The popularity of digital cameras is booming, particularly with Internet users, according to a study released this week.

A whopping one of every four US homes with Internet access now has a digital camera, says Michelle Lampmann, digital photography analyst at InfoTrends Research Group. InfoTrends conducted the Internet-based study in November; 1051 US residents participated.

The study shows that digital camera penetration into Internet-enabled households has doubled from last year to its current 25 per cent, according to Lampmann. And despite the slowing economy, the group expects that number to double again over the next year.

It's not surprising that Internet users favour digital cameras, because they're equipped to get the most out of them, Lampmann says. Camera owners with an Internet connection can share their digital images with friends and family via email and personal Web sites. Without the Internet, digital cameras aren't nearly as appealing, she says.

Despite their move to digital, most digital-camera owners still own a regular film-based camera, she says. However, most say they're using film less, and almost 10 per cent say they've stopped using film altogether.

The price is right Entry-level cameras make up a big chunk of those in use by survey respondents, says Lampmann. In fact about 7 per cent of digital camera owners received their device for free or won it. For example, she notes, the US Internet service provider Earthlink recently offered a free digital camera as a promotional gift.

These types of cameras are very basic and don't offer great image quality, but they get people started in digital photography, she says. It helps develop their interest in it, and can spur them to buy a better camera down the road.

Of those camera owners surveyed, another 20 per cent paid less than US$200 for their camera, Lampmann says. That's notable considering the high price tag that most digital cameras once carried.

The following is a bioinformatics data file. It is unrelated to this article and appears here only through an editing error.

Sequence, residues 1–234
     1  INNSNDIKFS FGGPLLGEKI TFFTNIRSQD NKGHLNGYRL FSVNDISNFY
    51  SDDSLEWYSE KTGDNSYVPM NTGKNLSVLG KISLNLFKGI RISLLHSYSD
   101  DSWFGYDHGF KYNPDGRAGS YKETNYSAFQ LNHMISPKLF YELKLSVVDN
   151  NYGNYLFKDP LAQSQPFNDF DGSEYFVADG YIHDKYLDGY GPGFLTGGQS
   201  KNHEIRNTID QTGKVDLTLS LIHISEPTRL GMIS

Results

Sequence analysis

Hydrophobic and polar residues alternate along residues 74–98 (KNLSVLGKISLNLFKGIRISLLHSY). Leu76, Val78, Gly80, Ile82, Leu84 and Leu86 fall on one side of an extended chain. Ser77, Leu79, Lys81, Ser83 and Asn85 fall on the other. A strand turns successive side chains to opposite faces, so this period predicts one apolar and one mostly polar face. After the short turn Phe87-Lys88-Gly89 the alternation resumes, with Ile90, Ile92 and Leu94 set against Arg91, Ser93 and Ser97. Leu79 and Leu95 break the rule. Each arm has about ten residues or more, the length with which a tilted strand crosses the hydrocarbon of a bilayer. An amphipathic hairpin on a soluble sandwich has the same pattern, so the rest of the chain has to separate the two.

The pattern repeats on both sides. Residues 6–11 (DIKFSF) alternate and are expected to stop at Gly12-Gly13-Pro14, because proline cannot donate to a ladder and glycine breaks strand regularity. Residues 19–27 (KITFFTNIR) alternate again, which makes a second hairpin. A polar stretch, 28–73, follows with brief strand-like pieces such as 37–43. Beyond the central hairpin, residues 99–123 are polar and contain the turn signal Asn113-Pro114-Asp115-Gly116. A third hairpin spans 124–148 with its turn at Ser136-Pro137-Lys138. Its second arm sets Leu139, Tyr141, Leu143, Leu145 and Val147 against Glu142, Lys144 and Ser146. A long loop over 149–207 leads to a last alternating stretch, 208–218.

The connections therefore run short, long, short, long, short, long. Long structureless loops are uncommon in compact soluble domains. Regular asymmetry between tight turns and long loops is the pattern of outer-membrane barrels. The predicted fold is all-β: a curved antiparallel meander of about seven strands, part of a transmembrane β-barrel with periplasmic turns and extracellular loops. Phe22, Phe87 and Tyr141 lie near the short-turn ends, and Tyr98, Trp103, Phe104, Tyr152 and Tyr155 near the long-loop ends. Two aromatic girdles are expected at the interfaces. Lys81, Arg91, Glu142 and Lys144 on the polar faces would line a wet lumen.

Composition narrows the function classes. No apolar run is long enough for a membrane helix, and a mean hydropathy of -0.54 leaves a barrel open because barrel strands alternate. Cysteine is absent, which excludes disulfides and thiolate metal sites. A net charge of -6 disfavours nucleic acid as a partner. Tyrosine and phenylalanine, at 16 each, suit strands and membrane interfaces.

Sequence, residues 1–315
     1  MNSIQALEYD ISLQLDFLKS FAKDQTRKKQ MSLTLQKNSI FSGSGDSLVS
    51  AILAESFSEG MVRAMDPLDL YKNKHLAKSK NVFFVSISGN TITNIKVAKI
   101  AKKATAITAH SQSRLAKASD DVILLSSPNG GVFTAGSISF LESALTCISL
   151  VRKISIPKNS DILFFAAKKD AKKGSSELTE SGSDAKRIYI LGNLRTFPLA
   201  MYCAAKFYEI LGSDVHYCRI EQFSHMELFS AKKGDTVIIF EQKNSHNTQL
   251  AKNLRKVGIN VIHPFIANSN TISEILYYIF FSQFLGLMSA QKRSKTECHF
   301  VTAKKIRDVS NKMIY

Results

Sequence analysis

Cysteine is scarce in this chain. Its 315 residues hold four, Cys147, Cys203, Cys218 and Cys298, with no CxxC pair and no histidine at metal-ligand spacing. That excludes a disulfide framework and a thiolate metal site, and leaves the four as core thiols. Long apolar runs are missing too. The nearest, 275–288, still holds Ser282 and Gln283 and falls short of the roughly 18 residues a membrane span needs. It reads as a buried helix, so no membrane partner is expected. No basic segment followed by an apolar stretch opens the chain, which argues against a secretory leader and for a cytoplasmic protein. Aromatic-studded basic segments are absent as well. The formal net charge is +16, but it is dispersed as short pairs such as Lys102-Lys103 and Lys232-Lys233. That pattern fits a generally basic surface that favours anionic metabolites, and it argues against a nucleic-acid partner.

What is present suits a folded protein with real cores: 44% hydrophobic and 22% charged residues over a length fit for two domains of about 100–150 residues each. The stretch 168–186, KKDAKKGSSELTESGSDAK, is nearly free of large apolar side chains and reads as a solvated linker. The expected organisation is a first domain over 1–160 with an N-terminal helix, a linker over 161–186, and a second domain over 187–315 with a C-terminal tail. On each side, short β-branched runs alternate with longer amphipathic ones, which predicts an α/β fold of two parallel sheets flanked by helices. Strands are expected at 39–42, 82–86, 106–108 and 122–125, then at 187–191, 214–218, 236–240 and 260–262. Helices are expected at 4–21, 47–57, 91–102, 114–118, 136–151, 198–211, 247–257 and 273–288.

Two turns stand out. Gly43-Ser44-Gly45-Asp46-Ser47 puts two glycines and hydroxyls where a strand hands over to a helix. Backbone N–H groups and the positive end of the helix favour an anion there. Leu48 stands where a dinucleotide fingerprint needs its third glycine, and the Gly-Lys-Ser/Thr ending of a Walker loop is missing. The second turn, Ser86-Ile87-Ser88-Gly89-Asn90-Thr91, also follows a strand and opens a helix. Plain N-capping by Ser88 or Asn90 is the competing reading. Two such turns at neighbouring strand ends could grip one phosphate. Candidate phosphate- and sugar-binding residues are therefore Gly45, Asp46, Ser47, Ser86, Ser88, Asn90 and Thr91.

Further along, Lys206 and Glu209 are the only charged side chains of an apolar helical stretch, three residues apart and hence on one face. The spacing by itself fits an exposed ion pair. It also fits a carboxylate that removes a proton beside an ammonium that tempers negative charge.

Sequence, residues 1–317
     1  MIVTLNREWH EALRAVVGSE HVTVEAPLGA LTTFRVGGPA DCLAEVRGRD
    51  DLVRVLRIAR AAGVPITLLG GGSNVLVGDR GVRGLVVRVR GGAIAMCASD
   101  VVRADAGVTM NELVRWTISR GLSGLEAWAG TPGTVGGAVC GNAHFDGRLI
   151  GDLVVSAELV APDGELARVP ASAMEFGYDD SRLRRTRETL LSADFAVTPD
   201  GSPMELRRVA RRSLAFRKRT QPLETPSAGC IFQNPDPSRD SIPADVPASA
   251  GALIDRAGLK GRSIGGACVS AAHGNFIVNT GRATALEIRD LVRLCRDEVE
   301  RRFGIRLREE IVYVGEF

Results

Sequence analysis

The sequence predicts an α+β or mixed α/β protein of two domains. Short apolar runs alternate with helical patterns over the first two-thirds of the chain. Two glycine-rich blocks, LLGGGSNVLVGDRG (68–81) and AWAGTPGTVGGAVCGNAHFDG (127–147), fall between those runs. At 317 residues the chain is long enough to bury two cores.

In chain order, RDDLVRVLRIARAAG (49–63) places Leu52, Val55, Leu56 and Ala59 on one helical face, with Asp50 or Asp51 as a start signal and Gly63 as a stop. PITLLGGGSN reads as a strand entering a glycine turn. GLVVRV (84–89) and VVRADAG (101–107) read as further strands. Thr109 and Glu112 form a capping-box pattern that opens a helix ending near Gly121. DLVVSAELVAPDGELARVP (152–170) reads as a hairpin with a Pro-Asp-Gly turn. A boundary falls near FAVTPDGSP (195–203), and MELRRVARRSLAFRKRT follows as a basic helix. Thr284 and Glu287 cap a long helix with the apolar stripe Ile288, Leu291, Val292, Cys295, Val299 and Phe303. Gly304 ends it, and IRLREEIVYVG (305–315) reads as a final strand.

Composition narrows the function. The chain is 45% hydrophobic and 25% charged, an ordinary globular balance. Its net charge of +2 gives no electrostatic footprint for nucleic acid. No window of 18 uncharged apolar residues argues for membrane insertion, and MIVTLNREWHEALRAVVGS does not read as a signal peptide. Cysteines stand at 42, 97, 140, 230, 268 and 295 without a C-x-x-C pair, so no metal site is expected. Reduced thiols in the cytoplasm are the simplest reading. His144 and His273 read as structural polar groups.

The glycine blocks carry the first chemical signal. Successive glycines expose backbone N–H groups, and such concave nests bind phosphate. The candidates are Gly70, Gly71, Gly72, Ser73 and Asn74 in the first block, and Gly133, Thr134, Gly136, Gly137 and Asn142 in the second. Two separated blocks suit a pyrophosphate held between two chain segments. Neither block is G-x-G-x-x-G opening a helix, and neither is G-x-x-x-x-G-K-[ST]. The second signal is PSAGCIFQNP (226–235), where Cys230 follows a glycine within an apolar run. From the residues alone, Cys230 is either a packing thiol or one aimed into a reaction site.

In 2001 first-time buyers expect to pay an average of about $278 for a digital camera, she says.

Almost 70 per cent of digital camera owners surveyed also have a scanner, Lampmann says. Many of these people first got their start in digital imaging by scanning in prints, she says.

Since the price of a low-end scanner dropped markedly a few years ago (units now cost less than £100), using a film camera and then scanning the images into the PC once made more economic sense. But as the price of digital cameras continues to drop, InfoTrends expects more people to skip the scanner and go straight for the digital camera, she says.

Storage a concern Among people who already own a camera, storing their photos is one of their biggest concerns, Lampmann says. The majority of users store their photos on their hard drive, but most haven't made long-term storage plans. A large number also store their data on CDs, but even that may not be a good archival method, she notes.

"Even the CD has potential problems," she says. ""Will they be able to access that CD in the future?"

People are concerned about being able to share their current digital images with future generations, Lampmann says. They'd like to know that images stored today with current technologies will still be accessible with technologies that emerge further down the road.

Some users are archiving their photos the old-fashioned way, by printing them, she says. In fact, photo paper is the single largest accessory people buy when they own a digital camera, she says.

The other major accessory purchases by camera owners include rechargeable batteries, carrying cases, additional storage, and colour printers. Low-priced inkjet printers have no doubt experienced improved sales thanks to the ballooning digital-camera market, Lampmann says.

Sony currently leads the digital camera market, according to both the survey results and the company's forecasts, she says.